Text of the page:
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Mizzou expects Ross to become a starter
Mizzou

Mizzou expects Ross to become a starter

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Missouri v Arkansas

Missouri guard Earnest Ross (33) tries to score while being defended by Arkansas guard Anthlon Bell in second half action during a game between Missouri and Arkansas on Tuesday, March 5, 2013, at Mizzou Arena in Columbia, Mo. Photo by Chris Lee, clee@post-dispatch.com

BIRMINGHAM, Ala. • Missouri’s Earnest Ross sat in front of reporters Wednesday and said he’d be happy to reprise his role as the team’s sixth man this season.

Frank Haith doesn’t need a polygraph machine to know his senior wing is telling a fib.

“I think Earnest will be in the (starting) lineup,” Haith said at Southeastern Conference basketball media days. “I think Earnest will jump off a bridge if I wouldn’t let him start.”

The idea that Ross could again come off the bench for Missouri is a testament to the remodeled roster’s newfound depth and versatility. As Haith continues to figure out his rotations in time for the 2013-14 season — MU holds its first exhibition game Oct. 25 against Oklahoma City University — Haith’s latest chemistry experiment has several new ingredients, starting with a seasoned mix of veterans.

Unlike last year, when Missouri returned just one player from the previous season, point guard Phil Pressey, Haith has a nucleus of established players. Whether he starts or comes off the bench, Ross is a pivotal part of that core.

The transfer from Auburn came off the bench in 24 of Missouri’s 34 games last year and became the SEC’s top scoring reserve, averaging 11.0 points a game off the bench, slightly better than his overall season scoring average (10.3).

The 6-5 Ross scored in double figures 18 times, including four of Mizzou’s last six games. He shot 40 percent or better in eight of 10 games during a stretch from early February to early March and finished the season shooting 37.7 percent from 3-point range, the best mark among Missouri’s returning players.

Ross took 45 percent of his shots from behind the 3-point line, but Haith believes he’s capable of more.

“I want Earnest just to be a complete player,” Haith said. “I had a guy tell me that Earnest is a catch-and-shoot guy. He should want to be more than that. ... I want him to drive the ball more. I want him to be a rebounder. I think Earnest is capable of getting seven, eight rebounds a game. I want him to play in attack mode.”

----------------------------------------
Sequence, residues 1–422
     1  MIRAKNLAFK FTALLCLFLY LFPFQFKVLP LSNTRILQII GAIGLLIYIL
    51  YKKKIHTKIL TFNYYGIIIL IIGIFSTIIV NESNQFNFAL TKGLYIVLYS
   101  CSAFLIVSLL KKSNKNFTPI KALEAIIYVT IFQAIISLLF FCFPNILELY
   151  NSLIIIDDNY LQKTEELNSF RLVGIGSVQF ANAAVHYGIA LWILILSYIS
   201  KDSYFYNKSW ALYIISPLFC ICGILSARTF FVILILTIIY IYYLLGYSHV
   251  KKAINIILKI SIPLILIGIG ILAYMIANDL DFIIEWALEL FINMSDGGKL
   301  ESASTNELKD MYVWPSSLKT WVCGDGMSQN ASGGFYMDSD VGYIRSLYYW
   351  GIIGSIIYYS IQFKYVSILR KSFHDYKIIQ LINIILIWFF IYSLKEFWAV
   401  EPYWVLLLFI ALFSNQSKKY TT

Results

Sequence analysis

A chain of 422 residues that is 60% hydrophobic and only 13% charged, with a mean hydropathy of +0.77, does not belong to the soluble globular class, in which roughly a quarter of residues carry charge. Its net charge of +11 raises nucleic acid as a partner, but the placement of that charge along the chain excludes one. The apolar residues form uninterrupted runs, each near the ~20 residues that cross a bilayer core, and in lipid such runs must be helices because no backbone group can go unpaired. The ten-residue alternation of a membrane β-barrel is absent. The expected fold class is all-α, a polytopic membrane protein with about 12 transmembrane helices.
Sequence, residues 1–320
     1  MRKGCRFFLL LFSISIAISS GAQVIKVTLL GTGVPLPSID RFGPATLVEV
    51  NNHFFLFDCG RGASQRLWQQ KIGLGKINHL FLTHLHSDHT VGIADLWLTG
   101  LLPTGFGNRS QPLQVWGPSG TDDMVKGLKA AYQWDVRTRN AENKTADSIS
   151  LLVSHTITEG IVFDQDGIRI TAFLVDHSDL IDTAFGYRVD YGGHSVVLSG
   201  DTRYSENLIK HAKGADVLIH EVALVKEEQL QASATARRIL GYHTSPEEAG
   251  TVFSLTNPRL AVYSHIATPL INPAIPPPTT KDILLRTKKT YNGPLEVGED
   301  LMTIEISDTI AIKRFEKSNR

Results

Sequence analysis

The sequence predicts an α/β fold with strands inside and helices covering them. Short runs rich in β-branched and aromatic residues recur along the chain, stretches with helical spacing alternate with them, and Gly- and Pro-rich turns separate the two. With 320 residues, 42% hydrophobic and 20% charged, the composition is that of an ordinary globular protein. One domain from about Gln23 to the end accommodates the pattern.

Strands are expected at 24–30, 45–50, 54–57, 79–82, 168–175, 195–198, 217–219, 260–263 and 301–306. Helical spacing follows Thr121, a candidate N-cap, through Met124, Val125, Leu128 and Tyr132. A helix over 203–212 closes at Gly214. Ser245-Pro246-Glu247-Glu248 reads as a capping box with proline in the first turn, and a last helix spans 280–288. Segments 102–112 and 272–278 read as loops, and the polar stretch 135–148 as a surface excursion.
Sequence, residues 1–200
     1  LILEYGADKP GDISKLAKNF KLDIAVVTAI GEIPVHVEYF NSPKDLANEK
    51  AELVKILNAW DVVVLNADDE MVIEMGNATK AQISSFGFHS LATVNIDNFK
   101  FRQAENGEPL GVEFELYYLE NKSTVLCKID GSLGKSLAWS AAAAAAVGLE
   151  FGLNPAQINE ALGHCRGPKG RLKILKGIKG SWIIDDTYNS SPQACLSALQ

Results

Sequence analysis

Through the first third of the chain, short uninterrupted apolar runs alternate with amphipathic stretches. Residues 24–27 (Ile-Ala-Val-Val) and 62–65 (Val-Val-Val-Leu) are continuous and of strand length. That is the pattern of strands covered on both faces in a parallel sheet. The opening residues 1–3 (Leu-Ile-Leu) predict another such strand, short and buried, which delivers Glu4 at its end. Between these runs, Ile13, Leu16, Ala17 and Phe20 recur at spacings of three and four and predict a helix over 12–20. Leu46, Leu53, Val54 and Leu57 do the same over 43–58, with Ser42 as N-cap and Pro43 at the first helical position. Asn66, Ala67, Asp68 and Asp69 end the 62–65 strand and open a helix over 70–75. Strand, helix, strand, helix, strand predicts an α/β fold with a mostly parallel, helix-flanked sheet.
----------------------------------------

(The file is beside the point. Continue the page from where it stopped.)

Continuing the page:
With his college career down to one final season — he played at Auburn from 2009-11 — Ross has been less concerned with playing a defined role for the Tigers. Winning games, he said, is most important.

“I come in and contribute and do what I have to do for the team,” he said, “whether that’s starting, being the sixth man or seventh man.”

The Tigers return just one starter from last year’s team, which finished 23-11 and 11-7 in the SEC. That would be junior guard Jabari Brown, a transfer from Oregon who averaged 13.7 points, best among Haith’s returning players. But with Ross, Brown, reserve forwards Tony Criswell, Stefan Jankovic and Ryan Rosburg and point guard Jordan Clarkson, a transfer from Tulsa who’s eligible this season, Haith returns a core with 269 collective games of Division I experience.

Another five newcomers are expected to figure into the rotation — at least, for now — including projected starter Keanau Post, a 6-11 transfer from Southwestern Illinois Community College. The 255-pound Post has shed 15 pounds of what Haith described as “bad weight” since arriving on campus this summer. Judging by his eight-foul performance in Tuesday’s Black and Gold scrimmage, Post gives the Tigers a physical presence in the lane.

“He’s got great feet, great hands,” Haith said. “He can score the ball.”

Post is a more skilled offensive player than departed center Alex Oriakhi, Haith said. That comes as high praise considering Oriakhi, now playing in France, became a consistent threat late last season and parlayed his late push into a surprise selection in the second round of the NBA draft.

But with the bulk of Mizzou’s scoring punch is expected to come from perimeter threats Ross, Brown and Clarkson, Post will fill other roles, too.

“Rebounding, rebounding, rebounding is something that he has to embrace,” Ross said. “He’s very aggressive and active on the glass. That’s what we love about him.”

Haith’s third Missouri team, his first made up exclusively of his recruits and transfers, welcomes four freshmen that should deepen the bench and create more floor combinations for the coaching staff. Johnathan Williams III and Torren Jones are added resources in the frontcourt. In the backcourt, freshmen Wes Clark and Shane Rector combine with Clarkson to triple Mizzou’s number of capable point guards from last season. At times, Haith said, the Tigers will have enough backcourt options to play a four-guard lineup with Ross patrolling the inside.

“We can be very deep,” Ross said. “We have a lot of guys on this team that can play.”

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